Also Tuesday, Poland's government said it was taking steps to strip two late communist-era generals of their top military ranks. The move is part of the ruling conservatives' larger mission to punish the communists who held oppressive power for decades until they were toppled in 1989.

Those targeted are the top leaders who imposed martial law, Gen. Wojciech Jaruzelski, and his deputy, Gen. Czeslaw Kiszczak. Jaruzelski died in 2014 and Kiszczak in 2015. "Today, for the last time, will the word 'general' be used alongside the name of Mr. Jaruzelski," Defense Minister Antoni Macierewicz said, adding that Kiszczak also was being stripped of his rank.

"Criminals responsible for armed action against their own nation do not deserve to wear these military ranks," Macierewicz said. While the moves against Jaruzelski and Kiszczak are largely symbolic, Law and Justice party lawmakers also are debating a new law aimed at reducing the pensions of retired secret security officials and some military leaders from the communist era.

Their persons are higher than pensions of ordinary Poles, and the government argues that officials who served under the system imposed by Moscow do not merit any privileges.

Macedonian opposition leader contests election defeat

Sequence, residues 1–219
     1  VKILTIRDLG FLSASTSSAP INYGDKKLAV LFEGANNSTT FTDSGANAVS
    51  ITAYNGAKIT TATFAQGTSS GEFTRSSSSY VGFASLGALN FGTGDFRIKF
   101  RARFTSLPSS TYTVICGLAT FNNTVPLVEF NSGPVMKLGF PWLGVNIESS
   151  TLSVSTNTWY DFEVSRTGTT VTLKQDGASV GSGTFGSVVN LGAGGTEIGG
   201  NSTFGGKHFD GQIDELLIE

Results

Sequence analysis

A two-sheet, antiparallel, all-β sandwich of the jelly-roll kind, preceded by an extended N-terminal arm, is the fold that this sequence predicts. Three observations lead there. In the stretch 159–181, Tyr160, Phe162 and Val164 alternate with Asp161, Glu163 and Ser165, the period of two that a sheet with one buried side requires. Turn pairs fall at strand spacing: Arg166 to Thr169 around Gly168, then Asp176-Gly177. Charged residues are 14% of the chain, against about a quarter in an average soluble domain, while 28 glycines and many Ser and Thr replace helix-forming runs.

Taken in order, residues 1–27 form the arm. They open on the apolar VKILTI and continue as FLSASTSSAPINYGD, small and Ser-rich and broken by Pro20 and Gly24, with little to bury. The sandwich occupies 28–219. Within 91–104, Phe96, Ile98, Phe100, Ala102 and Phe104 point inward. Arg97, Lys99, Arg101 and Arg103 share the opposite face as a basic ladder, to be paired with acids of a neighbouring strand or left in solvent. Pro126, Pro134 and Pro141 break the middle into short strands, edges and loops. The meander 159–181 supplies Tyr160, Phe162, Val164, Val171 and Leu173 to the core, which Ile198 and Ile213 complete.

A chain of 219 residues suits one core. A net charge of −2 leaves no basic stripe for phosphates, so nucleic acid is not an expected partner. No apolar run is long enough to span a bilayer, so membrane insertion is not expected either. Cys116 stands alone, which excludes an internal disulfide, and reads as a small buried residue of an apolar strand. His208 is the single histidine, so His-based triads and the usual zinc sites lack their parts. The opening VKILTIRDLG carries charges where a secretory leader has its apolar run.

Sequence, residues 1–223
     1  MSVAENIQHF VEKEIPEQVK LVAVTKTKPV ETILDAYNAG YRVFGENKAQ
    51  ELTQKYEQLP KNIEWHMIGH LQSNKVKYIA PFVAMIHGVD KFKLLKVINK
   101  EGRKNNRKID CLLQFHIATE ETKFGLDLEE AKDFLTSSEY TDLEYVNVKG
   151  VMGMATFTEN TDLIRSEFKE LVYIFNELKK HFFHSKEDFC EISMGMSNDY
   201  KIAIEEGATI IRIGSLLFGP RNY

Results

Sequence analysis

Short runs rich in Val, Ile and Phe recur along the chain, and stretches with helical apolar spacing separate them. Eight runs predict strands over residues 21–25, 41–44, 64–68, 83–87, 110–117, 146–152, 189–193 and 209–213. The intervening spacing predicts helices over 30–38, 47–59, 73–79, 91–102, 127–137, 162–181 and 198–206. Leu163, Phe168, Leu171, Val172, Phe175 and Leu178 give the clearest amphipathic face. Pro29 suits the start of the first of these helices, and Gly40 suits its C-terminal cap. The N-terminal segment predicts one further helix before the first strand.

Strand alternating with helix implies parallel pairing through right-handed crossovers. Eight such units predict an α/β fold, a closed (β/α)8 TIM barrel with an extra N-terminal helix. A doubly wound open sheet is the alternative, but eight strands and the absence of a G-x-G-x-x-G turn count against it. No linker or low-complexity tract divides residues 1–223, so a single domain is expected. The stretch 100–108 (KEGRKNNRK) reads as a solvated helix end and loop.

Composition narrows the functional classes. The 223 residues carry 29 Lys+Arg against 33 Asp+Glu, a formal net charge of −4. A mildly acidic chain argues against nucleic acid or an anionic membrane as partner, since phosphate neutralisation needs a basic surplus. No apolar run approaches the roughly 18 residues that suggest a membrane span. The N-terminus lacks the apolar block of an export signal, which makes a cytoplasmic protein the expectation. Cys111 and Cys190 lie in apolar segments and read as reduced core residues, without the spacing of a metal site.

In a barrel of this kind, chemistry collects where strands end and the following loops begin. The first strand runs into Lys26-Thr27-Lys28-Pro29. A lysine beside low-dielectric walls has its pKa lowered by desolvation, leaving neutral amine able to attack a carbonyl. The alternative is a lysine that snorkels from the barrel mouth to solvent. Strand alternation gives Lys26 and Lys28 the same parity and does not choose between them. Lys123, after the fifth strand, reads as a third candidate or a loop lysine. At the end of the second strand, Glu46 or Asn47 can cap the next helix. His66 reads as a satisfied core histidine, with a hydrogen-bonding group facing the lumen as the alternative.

December 13, 2016

SKOPJE, Macedonia (AP) — Macedonia's opposition leader is challenging the official results of the country's weekend parliamentary elections, and says he will file a formal appeal with electoral authorities.

Zoran Zaev's leftist Social Democrats narrowly lost Sunday's vote to the governing conservatives. He says each of the main parties should get 50 seats in parliament. Results issued Monday gave the conservative VMRO-DPMNE party 51 of parliament's 120 seats and the Social Democrats 49. While short of a majority, the conservatives should be able to form a governing coalition with their previous junior partner, an ethnic Albanian party.

The early election was designed to end a festering political crisis. Zaev said Monday official results differed significantly from figures provided by his party's observers at polling stations in a northwestern region mostly populated by ethnic Albanians.

Conservatives hold slim lead in Macedonia election

December 12, 2016

SKOPJE, Macedonia (AP) — Nearly complete results in Macedonia's national election gave the conservative coalition a slim lead over its left-wing rival early Monday, though no bloc appeared headed to winning a parliamentary majority on its own.